Man with a beard and angry face had rammed his head through a wall

50 Reasons why an Autistic Adult may be in a Bad Mood7 min read

1.  Maybe they’re too hot.  They may not be dressed appropriately for the weather, to be honest.  I struggle with this, having my favourite jeans that I’ll wear without thinking during a heatwave, and spend all day grumpy as a sad badger. 

2.  Maybe they’re too cold.  Heavy woolly jumpers can be anathema to autistic people, as can any rough material.  Some of us hate wearing coats.  We may need looking after with this, especially if we like the cold – we may not notice it’s now too cold!

3.  Maybe they really need a haircut.  Autistic people may avoid these devilish torture chambers from Satan’s bottom, but we really also need our hair not winding us up constantly.  Help us find a nice salon with ideally quiet staff.

4.  Maybe they need to shower.  Often showering can be a sensory nightmare, or if not, just overlooked as a waste of prime interest time!  But having a layer of dirt & grime can feel awful, too, so this is worth considering.  Be sensitive, too, for goodness sake. 

5.  Maybe they need to wear their sunglasses.  The feeling of glasses, perched like an unwelcome pigeon on the bridge of my nose makes me want to scream, so I avoid sunglasses, but sometimes I admit I could do with them, whenever brightness is worse than nose-feel. 

6.  Maybe they have ill-fitting clothes on.  This can be massive for me, as it doesn’t register apart from very slowly, throughout the day, as my rage builds because my trousers are too tight.  Favourite clothes can shrink, we can put weight on, this happens easily. 

7.  Perhaps they are over stimulated by stuff– still happens to autistic adults who may not notice until it’s too late.  This is a particular problem away from home when fewer recharge opportunities are available.  We need quiet spaces in towns nationwide! 

8.  Maybe they need the loo.  Seriously, it’s not just kids.  I can suddenly realise I need to go do my grim business with a kind of shock of awakening, especially if engrossed in something cool.  But it’ll make me irritable. 

9.  Perhaps there’s a really nasty smell around.  This can cause massive problems, especially if the smell is not easily identified and sorted out.  God, I’ve had dreadful weeks thanks to a hidden, subtle smell I couldn’t remedy before.  Nightmarish. 

10.  Maybe they’re embarrassed from a recent autistic act or trait display that they’re ashamed of for some reason.  You may not even have noticed, but they know what happened.  This, I think, is quite common.

11.  Perhaps they were right in the middle of thinking about something nice and interest-based, and you interrupted them with some request.  This may seem disproportionate, but it can be very annoying.  Sorry. 

12.  Perhaps they had nearly made a decision and were interrupted by someone asking what they had decided.  Patience is an absolute necessity when dealing with autistic people.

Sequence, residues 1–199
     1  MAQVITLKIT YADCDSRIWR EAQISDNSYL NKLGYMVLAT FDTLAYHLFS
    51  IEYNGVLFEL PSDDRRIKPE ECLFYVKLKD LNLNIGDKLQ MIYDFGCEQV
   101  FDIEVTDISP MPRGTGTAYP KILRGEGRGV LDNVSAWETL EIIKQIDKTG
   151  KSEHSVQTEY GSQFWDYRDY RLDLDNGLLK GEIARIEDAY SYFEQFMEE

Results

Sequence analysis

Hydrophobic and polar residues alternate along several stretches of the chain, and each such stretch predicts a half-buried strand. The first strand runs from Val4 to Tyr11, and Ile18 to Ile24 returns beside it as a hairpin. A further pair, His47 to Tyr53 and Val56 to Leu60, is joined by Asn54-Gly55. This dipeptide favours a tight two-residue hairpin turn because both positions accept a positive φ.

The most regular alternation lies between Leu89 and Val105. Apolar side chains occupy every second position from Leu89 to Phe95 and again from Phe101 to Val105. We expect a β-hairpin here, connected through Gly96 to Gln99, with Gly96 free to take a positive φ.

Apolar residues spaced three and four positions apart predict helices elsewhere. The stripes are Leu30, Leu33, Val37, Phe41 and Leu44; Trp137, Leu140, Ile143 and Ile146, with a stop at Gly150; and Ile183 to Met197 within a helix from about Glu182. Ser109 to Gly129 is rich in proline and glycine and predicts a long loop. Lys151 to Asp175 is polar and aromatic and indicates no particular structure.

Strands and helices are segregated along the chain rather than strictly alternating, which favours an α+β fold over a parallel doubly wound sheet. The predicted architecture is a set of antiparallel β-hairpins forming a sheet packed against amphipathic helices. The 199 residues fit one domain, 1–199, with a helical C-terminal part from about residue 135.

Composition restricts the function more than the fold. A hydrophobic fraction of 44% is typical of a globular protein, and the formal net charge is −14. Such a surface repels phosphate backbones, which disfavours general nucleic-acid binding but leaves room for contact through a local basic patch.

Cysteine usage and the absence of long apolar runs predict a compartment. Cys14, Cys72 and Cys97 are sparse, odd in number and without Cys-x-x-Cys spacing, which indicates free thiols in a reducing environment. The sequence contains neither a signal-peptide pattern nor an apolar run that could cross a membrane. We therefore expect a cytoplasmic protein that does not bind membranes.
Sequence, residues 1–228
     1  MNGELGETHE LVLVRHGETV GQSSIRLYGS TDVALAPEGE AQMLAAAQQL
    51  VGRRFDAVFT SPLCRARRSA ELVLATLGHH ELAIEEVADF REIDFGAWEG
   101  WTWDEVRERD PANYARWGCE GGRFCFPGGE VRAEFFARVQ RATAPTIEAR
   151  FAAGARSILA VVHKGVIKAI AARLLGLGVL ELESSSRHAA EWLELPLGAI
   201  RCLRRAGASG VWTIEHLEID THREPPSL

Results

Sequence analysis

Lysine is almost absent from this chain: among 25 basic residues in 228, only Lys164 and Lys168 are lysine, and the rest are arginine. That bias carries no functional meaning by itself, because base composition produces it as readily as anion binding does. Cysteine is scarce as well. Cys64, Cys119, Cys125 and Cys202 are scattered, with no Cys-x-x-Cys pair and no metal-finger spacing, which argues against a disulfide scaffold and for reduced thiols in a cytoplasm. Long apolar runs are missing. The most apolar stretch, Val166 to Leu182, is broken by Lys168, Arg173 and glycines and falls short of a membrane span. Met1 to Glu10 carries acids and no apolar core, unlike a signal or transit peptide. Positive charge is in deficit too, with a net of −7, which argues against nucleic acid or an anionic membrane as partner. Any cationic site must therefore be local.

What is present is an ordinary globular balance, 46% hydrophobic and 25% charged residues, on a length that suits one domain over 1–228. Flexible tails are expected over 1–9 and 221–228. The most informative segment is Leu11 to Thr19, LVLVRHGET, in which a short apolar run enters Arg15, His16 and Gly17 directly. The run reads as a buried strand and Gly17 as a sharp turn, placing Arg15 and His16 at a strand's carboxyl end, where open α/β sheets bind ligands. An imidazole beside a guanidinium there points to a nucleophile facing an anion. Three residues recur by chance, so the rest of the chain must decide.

13.  Perhaps they’ve had too little time with their favourite interests.  This is extremely common in adulthood, as responsibility increases and time seems to vanish.  This can lead to burnout, I believe. 

14.  Perhaps their favourite interest has suddenly suffered some setback.  Like a new video game has been delayed, or worse is updating and unplayable…  Best avoid your autistic person if this is the case!

15.  Maybe they need to make a phone call or knock on someone’s door.  This can totally ruin my *week* if I’m not careful. 

16.  Maybe they found out some massive news that they’re struggling to make sense of, even to the point of not being able to explain it to anyone.  This can create real isolation. 

17.  Maybe they’ve found out some small news that they’re struggling to make sense of, even to the point where they can’t explain it to anyone else. 

18.  Maybe they’ve just remembered a really sad thing they saw once.  This is a thing, right?  Like, I get flashes of a little cat I saw on holiday once, and it always kills my mood. 

19.  Maybe they are feeling a certain emotion, and they’re aware you and others feel differently.  This can be disconcerting and upsetting, again creating isolation. 

Common at emotional moments like funerals, weddings, births, football matches….

20.  Maybe they found something really funny but no one else did.  Or vice versa.  Again, this can feel dreadful, as it highlights your difference, so an autistic adult may be a bit shaken or upset by this.  Especially if they thought something was really funny.

21.  Maybe a cat or dog has recently rejected them.  I’m deadly bloody serious, people

22.  Maybe it’s too noisy wherever you are.  Your autistic person may be extremely irritable or even angry, seemingly at nothing at all, if this is the case.

23.  Maybe they really need to do this particular thing right now and you’re not letting them– because, to be fair, you don’t know…  but arhggghhh, this thing needs to be done right now stop making me not do the thing!

24.  Maybe they need to be alone right now.  They may not realise this for themselves, which can make things difficult.

25.  Halfway there – phew. 

26.  Maybe they have tooth-, stomach-, head-, ear-, muscle-ache but haven’t realised it and thus haven’t taken any painkillers.  This happens a lot. 

27.  Maybe they have lost a bit of control over their finances and are scared or very worried. 

28.  Maybe they’ve gotten themselves into debt or something, almost by accident.  This happened to me years ago as I assumed it’d be easy to pay back.  Some autistic people can be quite *ahem* bad at money.  Others can be really anxious with any uncertainty or loose ends, even if they are great with money.